Skip to main content

Evaluation of renal lesions using contrast-enhanced ultrasound (CEUS); a 10-year retrospective European single-centre analysis



To investigate the usefulness of contrast-enhanced ultrasound (CEUS) in the evaluation of renal masses.


This study included 255 patients with renal masses. Ages ranged from 18–86 years. CEUS was used for determining malignancy or benignancy and findings were correlated with the histopathological outcome. Out of 255 lesions, 212 lesions were malignant (83.1%) and 43 were benign (16.9%). Diagnostic accuracy was tested using the histopathological diagnosis as the gold standard.


CEUS showed a sensitivity of 99.1% [95% confidence interval (CI): 96.7%, 99.9%], a specificity of 80.5% (CI: 65.1%, 91.2%), a positive predictive value of 96.4% (CI: 93.0%, 98.4%) and a negative predictive value of 94.3% (CI: 80.8%, 99.3%). Kappa for diagnostic accuracy was κ = 0.85 (CI: 0.75, 0.94). Of 212 malignant lesions, 200 renal cell carcinomas and 12 other malignant lesions were diagnosed. Out of 43 benign lesions, 10 angiomyolipomas, 3 oncocytomas, 8 renal cysts and 22 other benign lesions were diagnosed.


CEUS is an useful method to differentiate between malignant and benignant renal lesions. To date, to our knowledge, this is the largest study in Europe for the evaluation of renal lesions using CEUS with a histopathological validation.

Key Points

• CEUS helps clinicians detect and characterise unclear solid and cystic renal lesions

• CEUS shows a high diagnostic accuracy in the characterization of these lesions

• Proper surgical treatment or follow-up can be given with better diagnostic confidence

This is a preview of subscription content, access via your institution.

Fig. 1
Fig. 2
Fig. 3
Fig. 4



Contrast-enhanced computed tomography


Contrast-enhanced ultrasound


Confidence interval


Negative predictive value


Picture archiving and communication system


Positive predictive value


  1. 1.

    Motzer RJ, Hutson TE, Tomczak P et al (2007) Sunitinib versus interferon alfa in metastatic renal-cell carcinoma. N Engl J Med 356(2):115–124

    CAS  Article  Google Scholar 

  2. 2.

    Hock LM, Lynch J, Balaji KC (2002) Increasing incidence of all stages of kidney cancer in the last 2 decades in the United States: an analysis of surveillance, epidemiology and end results program data. J Urol 167(1):57–60

    Article  Google Scholar 

  3. 3.

    Wallen EM, Pruthi RS, Joyce GF, Wise M, Urologic Diseases in America P (2007) Kidney cancer. J Urol 177(6):2006–2018 discussion 18–9

    Article  Google Scholar 

  4. 4.

    Woldrich JM, Mallin K, Ritchey J, Carroll PR, Kane CJ (2008) Sex differences in renal cell cancer presentation and survival: an analysis of the National Cancer Database, 1993–2004. J Urol 179(5):1709–1713 discussion 13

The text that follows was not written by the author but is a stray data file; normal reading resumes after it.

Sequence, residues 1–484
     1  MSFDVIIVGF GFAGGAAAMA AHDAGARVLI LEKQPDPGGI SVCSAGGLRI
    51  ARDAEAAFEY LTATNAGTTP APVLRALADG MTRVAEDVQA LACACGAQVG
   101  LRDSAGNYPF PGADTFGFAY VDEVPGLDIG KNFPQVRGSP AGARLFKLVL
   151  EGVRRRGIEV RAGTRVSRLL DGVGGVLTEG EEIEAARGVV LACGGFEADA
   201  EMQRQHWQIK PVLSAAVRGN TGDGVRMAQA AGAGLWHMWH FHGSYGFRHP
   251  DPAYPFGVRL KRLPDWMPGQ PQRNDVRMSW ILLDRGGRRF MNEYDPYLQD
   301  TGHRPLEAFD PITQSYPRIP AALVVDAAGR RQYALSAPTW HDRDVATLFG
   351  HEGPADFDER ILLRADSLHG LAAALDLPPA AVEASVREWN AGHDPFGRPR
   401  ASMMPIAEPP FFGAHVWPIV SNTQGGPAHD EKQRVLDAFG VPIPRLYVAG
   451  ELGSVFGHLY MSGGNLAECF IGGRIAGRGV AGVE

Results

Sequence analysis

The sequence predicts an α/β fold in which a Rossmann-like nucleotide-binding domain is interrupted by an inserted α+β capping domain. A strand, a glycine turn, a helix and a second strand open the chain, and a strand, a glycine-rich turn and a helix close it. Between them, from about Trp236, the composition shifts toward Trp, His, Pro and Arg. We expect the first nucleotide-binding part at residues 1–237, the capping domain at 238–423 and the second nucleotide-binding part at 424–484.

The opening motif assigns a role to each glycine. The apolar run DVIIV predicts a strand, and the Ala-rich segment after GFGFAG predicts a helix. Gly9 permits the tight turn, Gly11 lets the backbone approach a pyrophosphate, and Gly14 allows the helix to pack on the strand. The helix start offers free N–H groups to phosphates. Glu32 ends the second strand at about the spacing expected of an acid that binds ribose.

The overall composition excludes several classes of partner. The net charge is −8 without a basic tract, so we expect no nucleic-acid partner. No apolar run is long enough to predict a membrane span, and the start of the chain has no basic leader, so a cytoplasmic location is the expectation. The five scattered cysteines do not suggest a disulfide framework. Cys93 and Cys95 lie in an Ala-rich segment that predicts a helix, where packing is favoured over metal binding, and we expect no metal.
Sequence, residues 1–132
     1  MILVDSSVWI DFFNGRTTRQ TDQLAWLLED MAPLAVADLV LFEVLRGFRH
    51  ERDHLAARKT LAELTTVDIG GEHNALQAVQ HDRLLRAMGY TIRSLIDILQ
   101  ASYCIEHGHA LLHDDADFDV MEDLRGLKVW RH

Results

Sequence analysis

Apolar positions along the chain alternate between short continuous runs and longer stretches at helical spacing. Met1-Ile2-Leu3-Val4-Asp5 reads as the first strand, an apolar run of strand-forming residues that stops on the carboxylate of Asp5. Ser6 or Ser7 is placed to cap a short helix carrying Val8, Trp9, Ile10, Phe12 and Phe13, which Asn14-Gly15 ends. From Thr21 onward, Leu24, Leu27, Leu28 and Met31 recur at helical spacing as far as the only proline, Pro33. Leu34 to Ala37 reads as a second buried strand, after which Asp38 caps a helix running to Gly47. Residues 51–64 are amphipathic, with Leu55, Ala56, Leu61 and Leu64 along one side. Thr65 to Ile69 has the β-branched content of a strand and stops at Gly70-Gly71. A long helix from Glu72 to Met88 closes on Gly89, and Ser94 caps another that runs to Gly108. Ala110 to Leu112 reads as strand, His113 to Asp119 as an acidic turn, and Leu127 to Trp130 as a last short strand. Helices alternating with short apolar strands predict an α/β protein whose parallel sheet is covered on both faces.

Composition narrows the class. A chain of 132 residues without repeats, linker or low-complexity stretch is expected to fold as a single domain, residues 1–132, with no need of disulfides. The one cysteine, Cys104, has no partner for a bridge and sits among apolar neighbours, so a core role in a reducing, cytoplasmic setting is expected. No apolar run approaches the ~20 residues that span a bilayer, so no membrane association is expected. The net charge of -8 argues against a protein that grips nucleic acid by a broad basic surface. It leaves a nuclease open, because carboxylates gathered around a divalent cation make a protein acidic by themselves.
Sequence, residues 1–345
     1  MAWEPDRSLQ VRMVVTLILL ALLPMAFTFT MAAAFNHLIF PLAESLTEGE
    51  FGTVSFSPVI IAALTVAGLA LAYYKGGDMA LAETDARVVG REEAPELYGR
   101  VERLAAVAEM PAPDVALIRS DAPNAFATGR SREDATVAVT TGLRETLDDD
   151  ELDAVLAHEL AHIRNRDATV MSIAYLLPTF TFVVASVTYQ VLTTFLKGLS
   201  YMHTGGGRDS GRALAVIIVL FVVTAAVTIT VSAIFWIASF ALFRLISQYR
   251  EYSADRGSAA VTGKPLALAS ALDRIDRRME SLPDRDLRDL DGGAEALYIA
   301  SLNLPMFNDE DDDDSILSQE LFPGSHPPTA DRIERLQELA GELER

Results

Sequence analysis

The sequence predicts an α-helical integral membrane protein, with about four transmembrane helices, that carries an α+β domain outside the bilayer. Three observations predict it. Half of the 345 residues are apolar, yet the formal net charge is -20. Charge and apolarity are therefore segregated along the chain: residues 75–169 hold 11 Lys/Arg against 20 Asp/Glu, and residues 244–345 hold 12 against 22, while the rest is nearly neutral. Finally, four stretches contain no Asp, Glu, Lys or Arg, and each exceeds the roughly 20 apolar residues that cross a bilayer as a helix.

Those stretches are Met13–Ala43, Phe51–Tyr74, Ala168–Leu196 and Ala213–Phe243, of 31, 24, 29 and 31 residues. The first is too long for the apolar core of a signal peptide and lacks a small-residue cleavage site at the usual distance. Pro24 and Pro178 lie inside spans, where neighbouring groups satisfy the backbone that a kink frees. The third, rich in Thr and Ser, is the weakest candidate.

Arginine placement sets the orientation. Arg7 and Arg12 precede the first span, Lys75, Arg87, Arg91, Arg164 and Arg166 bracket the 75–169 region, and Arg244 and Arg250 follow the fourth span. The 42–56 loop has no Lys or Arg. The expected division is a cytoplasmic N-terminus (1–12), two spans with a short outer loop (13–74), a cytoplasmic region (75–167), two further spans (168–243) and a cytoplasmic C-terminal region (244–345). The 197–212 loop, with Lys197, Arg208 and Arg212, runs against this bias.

Article  Google Scholar 

  5. 5.

    Kazmierski B, Deurdulian C, Tchelepi H, Grant EG (2018) Applications of contrast-enhanced ultrasound in the kidney. Abdom Radiol (NY) 43(4):880–898

    Article  Google Scholar 

  6. 6.

    Sidhu PS, Cantisani V, Dietrich CF et al (2018) The EFSUMB guidelines and recommendations for the clinical practice of contrast-enhanced ultrasound (CEUS) in non-hepatic applications: update 2017 (Long version). Ultraschall Med 39(2):e2–e44

    Article  Google Scholar 

  7. 7.

    Bosniak MA (1991) The small (less than or equal to 3.0 cm) renal parenchymal tumor: detection, diagnosis, and controversies. Radiology 179(2):307–317

    CAS  Article  Google Scholar 

  8. 8.

    Rübenthaler J, Bogner F, Reiser M, Clevert DA (2016) Contrast-enhanced ultrasound (CEUS) of the kidneys by using the Bosniak classification. Ultraschall Med 37(3):234–251

    Article  Google Scholar 

  9. 9.

    Rübenthaler J, Paprottka K, D'Anastasi M, Reiser M, Clevert DA (2017) Diagnosis of perinephric retroperitoneal lymphangioma supported by contrast-enhanced ultrasound (CEUS). Clin Hemorheol Microcirc 65(1):43–47

    Article  Google Scholar 

  10. 10.

    Ljungberg B, Bensalah K, Canfield S et al (2015) EAU guidelines on renal cell carcinoma: 2014 update. Eur Urol 67(5):913–924

    Article  Google Scholar 

  11. 11.

    Greis C (2009) Ultrasound contrast agents as markers of vascularity and microcirculation. Clin Hemorheol Microcirc 43(1–2):1–9

    PubMed  Google Scholar 

  12. 12.

    Greis C (2011) Summary of technical principles of contrast sonography and future perspectives. Radiologe 51(6):456–461

    CAS  Article  Google Scholar 

  13. 13.

    Rübenthaler J, Reiser M, Clevert DA (2016) Diagnostic vascular ultrasonography with the help of color Doppler and contrast-enhanced ultrasonography. Ultrasonography 35(4):289–301

    Article  Google Scholar 

  14. 14.

    Piscaglia F, Bolondi L, Italian Society for Ultrasound in M, Biology Study Group on Ultrasound Contrast A (2006) The safety of Sonovue in abdominal applications: retrospective analysis of 23188 investigations. Ultrasound Med Biol 32(9):1369–1375

    Article  Google Scholar 

  15. 15.